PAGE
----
There’s something about mothers lifting back the veil of the family that upsets people, that leads people to accuse the mothers who dare do such a thing of neglecting their maternal duties, of exploiting their children, of exposing their children to the dangers of the public sphere, of being bad. But that’s precisely what makes mom-blogging – to overuse a deservedly overused phrase – a radical act. We’ve always been told to not lift the veil. We’ve always been told to stay behind the veil, no matter what. We’ve always been told that the sanctity and well-being of our families depends upon the integrity of that veil – upon modesty and privacy and keeping our struggles and our victories to ourselves. Which has, over the course of the history of Western civilization (and that of other civilizations, of course, although I cannot speak to these with any authority), kept us isolated from one another. Kept us silent.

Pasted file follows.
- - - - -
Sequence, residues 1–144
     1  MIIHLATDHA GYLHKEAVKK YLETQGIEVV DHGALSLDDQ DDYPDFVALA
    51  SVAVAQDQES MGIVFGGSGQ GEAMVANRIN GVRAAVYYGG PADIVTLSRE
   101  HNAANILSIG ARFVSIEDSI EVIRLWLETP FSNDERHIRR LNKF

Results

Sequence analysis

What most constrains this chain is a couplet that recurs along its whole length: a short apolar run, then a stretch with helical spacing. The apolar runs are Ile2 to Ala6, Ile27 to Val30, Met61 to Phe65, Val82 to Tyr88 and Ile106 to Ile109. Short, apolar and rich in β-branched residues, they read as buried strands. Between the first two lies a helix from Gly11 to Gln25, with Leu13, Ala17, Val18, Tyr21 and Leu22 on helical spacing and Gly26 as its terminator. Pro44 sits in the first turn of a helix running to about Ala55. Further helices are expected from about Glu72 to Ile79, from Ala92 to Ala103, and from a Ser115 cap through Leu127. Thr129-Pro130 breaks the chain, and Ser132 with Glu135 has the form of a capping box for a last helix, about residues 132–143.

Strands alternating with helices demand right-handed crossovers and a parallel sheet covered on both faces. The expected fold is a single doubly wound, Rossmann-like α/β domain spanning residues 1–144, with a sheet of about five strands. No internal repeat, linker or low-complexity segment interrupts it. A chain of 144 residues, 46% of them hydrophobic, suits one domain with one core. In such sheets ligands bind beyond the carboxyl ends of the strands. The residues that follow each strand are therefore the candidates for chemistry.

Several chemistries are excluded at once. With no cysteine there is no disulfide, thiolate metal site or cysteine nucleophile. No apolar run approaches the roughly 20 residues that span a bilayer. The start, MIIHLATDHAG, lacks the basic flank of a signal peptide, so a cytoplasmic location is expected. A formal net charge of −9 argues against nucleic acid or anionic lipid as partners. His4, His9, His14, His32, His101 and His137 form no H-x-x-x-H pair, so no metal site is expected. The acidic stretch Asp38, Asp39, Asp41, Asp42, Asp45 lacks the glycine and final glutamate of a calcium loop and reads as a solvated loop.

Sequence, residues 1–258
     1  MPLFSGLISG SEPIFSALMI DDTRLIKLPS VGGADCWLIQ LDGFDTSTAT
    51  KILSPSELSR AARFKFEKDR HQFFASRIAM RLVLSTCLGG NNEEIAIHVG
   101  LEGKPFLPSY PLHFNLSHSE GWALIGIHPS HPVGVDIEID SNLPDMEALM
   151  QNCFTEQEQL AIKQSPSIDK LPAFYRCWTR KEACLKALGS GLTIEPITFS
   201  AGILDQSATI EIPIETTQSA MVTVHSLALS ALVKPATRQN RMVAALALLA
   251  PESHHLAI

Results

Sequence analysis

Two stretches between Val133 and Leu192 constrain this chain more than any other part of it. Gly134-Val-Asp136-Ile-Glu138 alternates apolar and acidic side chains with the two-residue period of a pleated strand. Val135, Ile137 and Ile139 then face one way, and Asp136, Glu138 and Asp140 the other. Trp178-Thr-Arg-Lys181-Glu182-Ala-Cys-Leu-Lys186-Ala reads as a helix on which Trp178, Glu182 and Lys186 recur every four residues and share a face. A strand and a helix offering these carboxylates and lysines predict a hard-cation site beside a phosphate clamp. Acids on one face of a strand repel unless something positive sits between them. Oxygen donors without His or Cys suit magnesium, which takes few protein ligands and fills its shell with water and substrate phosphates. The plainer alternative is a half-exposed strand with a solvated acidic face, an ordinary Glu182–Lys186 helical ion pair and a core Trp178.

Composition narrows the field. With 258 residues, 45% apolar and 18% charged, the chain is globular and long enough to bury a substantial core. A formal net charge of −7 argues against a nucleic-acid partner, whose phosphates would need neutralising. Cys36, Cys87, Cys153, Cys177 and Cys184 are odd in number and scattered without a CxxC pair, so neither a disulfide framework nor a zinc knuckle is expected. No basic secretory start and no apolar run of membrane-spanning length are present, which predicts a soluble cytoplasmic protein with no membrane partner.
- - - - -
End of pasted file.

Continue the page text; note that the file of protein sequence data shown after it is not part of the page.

I choose not to be silent. I choose to tell my stories, tell – while she is young – her stories, tell the stories of she and I and our family and our place in this world and to pull meaning from those stories and to speculate on those meanings and to reflect, out loud, on what it means to be a mom in this day and age and other days and ages and all the days and ages to come. I choose to use my voice, my fingers, my keyboard to make myself heard. I choose to write. If that makes me appear, to some, a crazy, narcissistic, exploitative zombie-pimp who whores her child out for the sake of a few bucks and the self-indulgence of storytelling, then so be it.


It’s worth it. It’s so worth it.

******